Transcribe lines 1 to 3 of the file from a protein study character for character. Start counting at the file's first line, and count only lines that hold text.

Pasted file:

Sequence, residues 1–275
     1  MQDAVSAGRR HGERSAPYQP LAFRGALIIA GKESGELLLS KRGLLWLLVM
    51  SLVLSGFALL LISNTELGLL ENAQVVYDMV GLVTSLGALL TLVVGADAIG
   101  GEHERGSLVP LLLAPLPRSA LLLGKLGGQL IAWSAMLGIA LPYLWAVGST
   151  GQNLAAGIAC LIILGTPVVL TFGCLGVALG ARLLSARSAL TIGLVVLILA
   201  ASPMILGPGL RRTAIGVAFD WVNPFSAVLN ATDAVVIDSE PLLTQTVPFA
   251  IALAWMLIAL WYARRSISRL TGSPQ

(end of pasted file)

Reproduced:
Sequence, residues 1–275
     1  MQDAVSAGRR HGERSAPYQP LAFRGALIIA GKESGELLLS KRGLLWLLVM
    51  SLVLSGFALL LISNTELGLL ENAQVVYDMV GLVTSLGALL TLVVGADAIG